Roughly a quarter of them had no criminal convictions.
Immigration and Customs Enforcement confirmed Wednesday morning what many immigrants already knew: President Donald Trump’s immigration crackdown has resulted in a surge of arrests. In a splashy statement, ICE said its agents arrested more than 41,000 people in the 100 days since Trump signed his executive orders on immigration—a spike of nearly 40 percent when compared to the same period last year. “These statistics reflect President Trump’s commitment to enforce our immigration laws fairly and across the board,” the statement reads.
The ICE statement reported that the majority were “convicted criminals, with offenses ranging from homicide and assault to sexual abuse and drug-related charges,” listing anecdotes of immigrants who had committed violent crimes. But it also notes that roughly 11,000 of the immigrants arrested had no criminal convictions—up from about 4,200 at this time a year ago. (The Washington Post reported late last month that half of those apprehended so far during Trump’s presidency had no criminal record or were convicted only of traffic violations.)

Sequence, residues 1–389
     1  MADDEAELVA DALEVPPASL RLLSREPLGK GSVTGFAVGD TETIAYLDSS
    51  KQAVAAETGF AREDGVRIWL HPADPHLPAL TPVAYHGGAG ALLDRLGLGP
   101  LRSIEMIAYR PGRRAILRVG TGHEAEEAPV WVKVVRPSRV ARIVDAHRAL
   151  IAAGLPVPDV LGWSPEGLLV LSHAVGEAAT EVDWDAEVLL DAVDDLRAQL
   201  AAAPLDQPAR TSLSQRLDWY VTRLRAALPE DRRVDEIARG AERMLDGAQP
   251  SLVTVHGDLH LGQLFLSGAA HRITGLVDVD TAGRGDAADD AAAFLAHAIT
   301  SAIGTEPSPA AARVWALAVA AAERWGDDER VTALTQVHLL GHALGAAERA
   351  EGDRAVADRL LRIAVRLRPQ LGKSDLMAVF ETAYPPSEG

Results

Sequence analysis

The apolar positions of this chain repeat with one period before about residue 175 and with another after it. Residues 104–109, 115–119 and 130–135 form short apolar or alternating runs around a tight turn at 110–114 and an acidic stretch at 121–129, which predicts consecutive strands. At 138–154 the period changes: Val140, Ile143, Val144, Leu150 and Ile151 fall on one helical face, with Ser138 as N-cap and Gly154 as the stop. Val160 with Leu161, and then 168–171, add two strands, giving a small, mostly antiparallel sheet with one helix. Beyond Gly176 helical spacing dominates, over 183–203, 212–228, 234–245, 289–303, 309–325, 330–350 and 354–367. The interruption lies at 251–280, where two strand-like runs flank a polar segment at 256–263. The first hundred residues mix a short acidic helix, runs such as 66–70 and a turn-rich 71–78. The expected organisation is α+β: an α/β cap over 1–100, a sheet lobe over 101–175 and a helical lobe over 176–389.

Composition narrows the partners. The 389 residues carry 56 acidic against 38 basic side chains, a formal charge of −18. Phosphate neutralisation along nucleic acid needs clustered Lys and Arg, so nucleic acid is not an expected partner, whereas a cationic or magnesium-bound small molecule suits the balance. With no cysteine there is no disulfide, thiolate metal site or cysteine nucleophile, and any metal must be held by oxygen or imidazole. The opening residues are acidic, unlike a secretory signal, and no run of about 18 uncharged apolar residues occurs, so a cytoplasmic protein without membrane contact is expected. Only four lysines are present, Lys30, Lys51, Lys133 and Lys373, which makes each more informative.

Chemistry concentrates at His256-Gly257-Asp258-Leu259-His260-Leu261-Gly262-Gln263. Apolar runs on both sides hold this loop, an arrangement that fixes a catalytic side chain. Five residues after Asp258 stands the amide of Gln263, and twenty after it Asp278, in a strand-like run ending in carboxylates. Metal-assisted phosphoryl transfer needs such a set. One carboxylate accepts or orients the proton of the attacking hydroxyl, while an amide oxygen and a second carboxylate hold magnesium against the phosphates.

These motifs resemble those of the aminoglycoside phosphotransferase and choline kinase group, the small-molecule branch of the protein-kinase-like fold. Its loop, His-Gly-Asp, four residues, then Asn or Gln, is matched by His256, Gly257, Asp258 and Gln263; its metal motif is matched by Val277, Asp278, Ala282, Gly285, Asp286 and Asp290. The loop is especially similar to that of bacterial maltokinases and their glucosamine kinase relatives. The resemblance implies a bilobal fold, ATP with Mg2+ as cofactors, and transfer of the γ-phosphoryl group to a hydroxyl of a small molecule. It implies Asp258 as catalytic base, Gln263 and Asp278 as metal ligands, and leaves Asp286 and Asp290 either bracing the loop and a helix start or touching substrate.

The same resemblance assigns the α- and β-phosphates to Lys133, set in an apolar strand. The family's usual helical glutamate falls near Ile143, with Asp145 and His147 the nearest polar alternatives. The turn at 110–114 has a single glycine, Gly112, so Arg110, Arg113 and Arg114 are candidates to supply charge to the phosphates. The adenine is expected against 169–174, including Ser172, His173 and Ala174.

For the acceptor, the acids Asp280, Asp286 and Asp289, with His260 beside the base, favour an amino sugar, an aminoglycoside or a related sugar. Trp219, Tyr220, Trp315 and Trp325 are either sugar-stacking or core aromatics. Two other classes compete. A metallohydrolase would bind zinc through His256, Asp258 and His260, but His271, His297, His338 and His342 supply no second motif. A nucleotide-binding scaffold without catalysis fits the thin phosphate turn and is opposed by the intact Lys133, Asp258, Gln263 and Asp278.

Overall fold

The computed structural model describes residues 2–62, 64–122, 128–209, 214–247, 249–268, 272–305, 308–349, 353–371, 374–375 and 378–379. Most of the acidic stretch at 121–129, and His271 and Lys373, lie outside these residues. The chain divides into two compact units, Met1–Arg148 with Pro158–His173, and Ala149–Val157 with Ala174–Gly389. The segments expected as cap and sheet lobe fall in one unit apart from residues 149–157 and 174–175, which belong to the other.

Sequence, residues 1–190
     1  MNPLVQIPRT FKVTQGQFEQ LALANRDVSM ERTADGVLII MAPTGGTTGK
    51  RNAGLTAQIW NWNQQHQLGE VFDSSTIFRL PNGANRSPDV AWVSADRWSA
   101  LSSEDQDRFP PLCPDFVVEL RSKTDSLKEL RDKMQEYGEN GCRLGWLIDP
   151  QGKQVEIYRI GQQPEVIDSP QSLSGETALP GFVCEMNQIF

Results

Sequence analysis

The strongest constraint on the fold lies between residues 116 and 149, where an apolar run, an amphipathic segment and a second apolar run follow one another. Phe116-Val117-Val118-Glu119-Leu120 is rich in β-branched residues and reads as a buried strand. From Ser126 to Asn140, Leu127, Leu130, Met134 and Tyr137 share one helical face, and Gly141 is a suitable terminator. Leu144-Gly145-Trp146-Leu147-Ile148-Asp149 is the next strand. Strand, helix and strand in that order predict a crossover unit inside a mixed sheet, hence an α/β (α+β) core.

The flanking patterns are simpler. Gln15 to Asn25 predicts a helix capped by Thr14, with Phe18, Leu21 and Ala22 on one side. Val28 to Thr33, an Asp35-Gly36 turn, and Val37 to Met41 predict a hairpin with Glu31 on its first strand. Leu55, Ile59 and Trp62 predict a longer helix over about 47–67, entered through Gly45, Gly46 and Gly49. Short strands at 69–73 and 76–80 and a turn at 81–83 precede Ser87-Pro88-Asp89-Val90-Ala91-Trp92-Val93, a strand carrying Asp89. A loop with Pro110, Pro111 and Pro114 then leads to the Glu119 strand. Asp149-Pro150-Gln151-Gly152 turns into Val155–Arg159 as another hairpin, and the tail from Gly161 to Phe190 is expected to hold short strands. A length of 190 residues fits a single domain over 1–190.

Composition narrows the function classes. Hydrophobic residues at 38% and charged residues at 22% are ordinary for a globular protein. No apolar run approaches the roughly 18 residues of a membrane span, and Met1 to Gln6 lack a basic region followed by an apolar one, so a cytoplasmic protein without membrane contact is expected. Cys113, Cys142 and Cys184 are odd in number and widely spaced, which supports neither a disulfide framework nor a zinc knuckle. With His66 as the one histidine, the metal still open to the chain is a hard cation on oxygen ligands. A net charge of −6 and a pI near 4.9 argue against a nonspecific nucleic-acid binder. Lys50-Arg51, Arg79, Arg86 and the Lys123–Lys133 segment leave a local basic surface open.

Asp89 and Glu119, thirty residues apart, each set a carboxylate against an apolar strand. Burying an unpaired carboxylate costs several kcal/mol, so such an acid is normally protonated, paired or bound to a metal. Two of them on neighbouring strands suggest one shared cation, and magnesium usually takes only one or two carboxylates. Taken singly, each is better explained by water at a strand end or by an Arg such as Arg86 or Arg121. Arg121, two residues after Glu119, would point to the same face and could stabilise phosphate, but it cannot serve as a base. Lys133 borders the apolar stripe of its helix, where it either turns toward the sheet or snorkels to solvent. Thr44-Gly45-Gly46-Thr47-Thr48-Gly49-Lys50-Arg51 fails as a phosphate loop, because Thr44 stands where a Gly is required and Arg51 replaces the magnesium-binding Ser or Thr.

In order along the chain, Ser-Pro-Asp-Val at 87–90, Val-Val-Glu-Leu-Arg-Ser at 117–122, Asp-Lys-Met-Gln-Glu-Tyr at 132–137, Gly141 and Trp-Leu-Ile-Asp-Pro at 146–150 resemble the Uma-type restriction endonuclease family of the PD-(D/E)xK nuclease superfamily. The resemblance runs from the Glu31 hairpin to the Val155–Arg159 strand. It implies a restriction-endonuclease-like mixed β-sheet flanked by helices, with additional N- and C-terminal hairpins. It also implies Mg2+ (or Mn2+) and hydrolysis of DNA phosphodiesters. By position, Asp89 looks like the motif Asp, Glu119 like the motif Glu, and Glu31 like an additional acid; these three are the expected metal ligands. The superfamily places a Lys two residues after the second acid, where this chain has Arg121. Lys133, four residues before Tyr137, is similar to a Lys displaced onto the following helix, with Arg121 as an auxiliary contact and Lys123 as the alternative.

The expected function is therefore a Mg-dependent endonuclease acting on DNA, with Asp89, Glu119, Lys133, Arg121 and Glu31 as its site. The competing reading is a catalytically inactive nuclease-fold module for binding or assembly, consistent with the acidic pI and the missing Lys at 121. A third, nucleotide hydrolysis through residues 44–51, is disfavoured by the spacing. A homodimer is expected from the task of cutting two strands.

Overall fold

During his presidency, Barack Obama was heavily criticized for deporting large numbers of immigrants without criminal records who were apprehended along the US-Mexico border, including thousands of women and children fleeing gang violence in Central America. The latest ICE stats have advocates particularly worried that arrests are increasingly happening away from the border, in the country’s interior—and, as Human Rights Watch senior researcher Grace Meng tweeted, “interior arrests means lots more families being torn apart.”